Dialogue is a crucial part of fiction-writing, much because it is a crucial part of human existence. Even before we crawled out of the caves, we had communication and speech.
Over the last hundred or so years, technology has affected dialogue, but not so much to change how it is represented in books. Letter-writing (which has been around for much longer than 100 years anyway) has such a gap of time between exchanges that it is hardly a replacement for everyday dialogue. It could be used as an element in a novel (you find old letters, or get a letter from someone you haven’t heard from in a while). Or, the whole novel could be made up of letters, such as Bram Stoker’s Dracula. But that’s not much different than writing prose. Not much change there.
Next came the telephone, which created a drastic difference. For the first time you could hold a realtime conversation with someone who was physically nowhere near you. But the exchange was still spoken, and when you write scenes which incorporate phone conversations, the dialogue is written much the same, only nonverbal interactions and reactions are reduced. Still, in real life people rarely stay on the phone all day. Thus, they are used sparingly in a novel.
Email came, but that’s comparable to the written letter. The response time is faster, but the communication is still not in real time. And, like the letter, emails are easily depicted in prose.
But now, over the last ten years or so, instant messaging on the computer and text-messaging on phones have once again altered how people communicate, only this time the change is hard to translate to fiction writing. The language is different (‘lol ‘, ‘yt?’, ‘wtf, u srs??’) and people often used it in place of real conversation, so it seems like it should be unavoidable to eventually use in your prose if you’re trying to accurately portray the culture. Right?
I came upon this problem rather recently when writing stories involving young people. I think about how thirteen-year olds have phones and computers and facebook accounts and how it changes communication. When you meet someone and exchange numbers, you might do some texting back and forth to gauge how interested the other person is in you. I was in college not too long ago, and I remember well how social protocol had developed around Facebook, texting, and instant messaging, such to the degree that people would analyze how long someone responded to a text and who initiated the conversation to determine interest levels. Or, if you need to remind someone to do something, you might send them a quick text.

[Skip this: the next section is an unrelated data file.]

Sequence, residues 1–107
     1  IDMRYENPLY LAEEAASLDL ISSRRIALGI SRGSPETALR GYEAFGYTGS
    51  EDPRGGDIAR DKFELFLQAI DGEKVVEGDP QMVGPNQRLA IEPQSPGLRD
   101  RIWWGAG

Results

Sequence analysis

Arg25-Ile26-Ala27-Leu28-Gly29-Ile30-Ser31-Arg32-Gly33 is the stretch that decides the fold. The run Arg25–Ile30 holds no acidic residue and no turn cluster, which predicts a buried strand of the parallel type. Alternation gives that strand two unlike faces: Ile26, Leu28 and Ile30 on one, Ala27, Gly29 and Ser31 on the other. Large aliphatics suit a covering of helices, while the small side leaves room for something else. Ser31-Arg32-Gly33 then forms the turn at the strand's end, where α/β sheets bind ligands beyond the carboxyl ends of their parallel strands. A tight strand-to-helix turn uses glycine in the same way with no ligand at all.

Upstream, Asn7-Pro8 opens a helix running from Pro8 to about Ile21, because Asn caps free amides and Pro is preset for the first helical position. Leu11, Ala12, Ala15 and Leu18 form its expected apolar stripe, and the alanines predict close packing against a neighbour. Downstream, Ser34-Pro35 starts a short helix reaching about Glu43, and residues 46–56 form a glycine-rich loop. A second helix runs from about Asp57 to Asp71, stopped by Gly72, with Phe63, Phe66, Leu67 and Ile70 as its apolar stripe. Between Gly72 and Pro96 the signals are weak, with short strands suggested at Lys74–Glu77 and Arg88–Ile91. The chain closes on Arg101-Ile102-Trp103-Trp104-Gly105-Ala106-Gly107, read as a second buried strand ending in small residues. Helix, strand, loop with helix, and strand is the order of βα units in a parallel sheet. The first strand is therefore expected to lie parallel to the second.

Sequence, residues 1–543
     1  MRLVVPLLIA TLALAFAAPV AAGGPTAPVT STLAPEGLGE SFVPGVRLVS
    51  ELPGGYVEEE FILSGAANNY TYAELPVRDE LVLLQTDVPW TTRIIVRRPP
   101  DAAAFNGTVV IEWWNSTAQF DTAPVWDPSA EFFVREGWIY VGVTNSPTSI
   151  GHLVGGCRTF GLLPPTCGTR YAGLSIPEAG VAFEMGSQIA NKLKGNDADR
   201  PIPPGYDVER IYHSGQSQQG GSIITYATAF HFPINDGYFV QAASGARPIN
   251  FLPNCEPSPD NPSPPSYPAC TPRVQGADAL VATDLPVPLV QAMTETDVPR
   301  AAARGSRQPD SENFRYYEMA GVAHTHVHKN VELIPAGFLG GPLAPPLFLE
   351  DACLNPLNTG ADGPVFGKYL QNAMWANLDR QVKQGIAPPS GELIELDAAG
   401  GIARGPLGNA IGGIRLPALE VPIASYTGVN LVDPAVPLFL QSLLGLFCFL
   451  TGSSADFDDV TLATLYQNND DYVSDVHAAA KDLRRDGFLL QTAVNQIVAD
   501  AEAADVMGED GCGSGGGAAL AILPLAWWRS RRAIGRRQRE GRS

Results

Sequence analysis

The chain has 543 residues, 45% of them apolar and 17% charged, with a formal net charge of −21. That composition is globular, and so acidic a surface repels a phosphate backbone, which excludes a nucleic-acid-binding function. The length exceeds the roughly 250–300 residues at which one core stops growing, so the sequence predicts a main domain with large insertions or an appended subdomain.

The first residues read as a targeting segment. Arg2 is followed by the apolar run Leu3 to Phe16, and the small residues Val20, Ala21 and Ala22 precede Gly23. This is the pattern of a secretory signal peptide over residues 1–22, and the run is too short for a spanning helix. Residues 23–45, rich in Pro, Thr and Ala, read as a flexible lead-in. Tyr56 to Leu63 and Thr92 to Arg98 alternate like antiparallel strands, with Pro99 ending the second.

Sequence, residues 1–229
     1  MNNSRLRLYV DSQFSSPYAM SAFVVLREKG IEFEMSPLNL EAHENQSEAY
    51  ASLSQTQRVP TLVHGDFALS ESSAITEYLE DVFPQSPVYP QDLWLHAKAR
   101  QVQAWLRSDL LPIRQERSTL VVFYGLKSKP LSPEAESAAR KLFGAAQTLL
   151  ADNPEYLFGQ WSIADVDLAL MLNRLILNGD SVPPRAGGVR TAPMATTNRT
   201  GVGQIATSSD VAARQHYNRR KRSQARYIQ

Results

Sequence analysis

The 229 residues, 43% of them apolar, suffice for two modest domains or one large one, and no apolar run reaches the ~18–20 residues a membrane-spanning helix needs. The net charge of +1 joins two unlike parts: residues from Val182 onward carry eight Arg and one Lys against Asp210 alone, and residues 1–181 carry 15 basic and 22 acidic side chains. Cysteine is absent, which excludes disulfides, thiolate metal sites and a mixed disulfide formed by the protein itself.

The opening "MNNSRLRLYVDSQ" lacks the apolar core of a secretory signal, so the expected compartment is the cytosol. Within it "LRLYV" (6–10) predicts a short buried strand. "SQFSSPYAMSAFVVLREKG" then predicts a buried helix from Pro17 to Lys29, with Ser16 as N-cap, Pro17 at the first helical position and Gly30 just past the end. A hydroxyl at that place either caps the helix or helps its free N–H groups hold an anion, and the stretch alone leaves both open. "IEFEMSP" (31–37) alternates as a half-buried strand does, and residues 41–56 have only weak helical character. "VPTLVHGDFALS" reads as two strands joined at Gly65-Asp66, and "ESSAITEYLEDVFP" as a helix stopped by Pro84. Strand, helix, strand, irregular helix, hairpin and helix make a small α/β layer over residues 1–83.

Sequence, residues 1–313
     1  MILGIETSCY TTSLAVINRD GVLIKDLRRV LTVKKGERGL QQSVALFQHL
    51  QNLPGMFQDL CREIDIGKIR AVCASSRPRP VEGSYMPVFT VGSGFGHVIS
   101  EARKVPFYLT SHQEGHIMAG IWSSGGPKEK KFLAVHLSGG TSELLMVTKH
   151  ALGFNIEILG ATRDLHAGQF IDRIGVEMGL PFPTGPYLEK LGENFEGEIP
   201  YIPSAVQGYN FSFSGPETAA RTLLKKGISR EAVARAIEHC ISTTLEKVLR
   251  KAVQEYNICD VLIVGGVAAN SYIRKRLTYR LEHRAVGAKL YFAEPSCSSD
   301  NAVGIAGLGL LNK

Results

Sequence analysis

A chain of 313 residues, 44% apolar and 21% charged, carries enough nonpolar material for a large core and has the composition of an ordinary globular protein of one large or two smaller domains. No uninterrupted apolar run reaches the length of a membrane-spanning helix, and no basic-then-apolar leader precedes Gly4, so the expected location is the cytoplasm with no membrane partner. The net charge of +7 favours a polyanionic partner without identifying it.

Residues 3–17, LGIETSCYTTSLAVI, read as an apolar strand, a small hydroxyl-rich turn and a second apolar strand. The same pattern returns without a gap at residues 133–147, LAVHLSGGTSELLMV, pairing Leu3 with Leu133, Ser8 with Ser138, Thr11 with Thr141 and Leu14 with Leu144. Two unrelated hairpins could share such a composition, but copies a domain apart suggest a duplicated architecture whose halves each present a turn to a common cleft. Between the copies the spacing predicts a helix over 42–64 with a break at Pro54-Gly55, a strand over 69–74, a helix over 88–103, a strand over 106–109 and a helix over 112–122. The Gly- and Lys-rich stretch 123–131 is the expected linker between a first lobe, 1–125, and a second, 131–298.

In one of my stories I had the main character text his date when he was outside of her house. Some of the people in my writing group said they thought it was weird he didn’t go up to the door, and I thought of how people in my generation would actually do what I had written. Is it worth including if it makes people scratch their head? Is it a disservice to omit if that type of interaction feels natural for my character?
Texting and instant messaging even have tones to them. I’ve started to suspect that when my fiance is annoyed with me, she only responds to my texts with one letter: ‘K.’ And then there is the inclusion of ‘haha’s or ‘lol’s to soften what may otherwise be read as offensive or combative. What do we do with these? A lot of times tones may be specific to the person, whereas sarcasm in the voice can be a universal thing to pick-up on. Again, is it worth exploring the boundaries of digital communication in our writing?
Then again…can you imagine reading a book where whole conversations had dialogue tags such as ‘he texted’ or ‘she texted angrily’? No thanks. An easy solution is to just leave it out, but at what point does the prose sound unrealistic? At what point will younger generations think…Wait, that doesn’t make sense. Why didn’t he just text her? This whole thing could have been solved by sending a quick text.
One of my writer buddies said that including texting dates the work. I argued that the use of phones or e-mail could also date the work, but he said that those are more long-term advances. Texting could just be a phase. But is it? I don’t think instant messaging or texting will go away. If anything it will be replaced by the next generation of mobile communication, but I think people see its initial function (instant communication without having to call someone and actually talk to them) as too valuable for it simply disappear. And if it ends up actually becoming more popular, at what point is it no longer okay to exclude it from our writing?
At the end of the day, writing is a form of entertainment. Including text to the degree that people use it in the real world could be as exciting as watching a movie where all the characters are staring at their phones 24/7.
What are your thoughts on the way we communicate and how we, as writers, are supposed to adapt?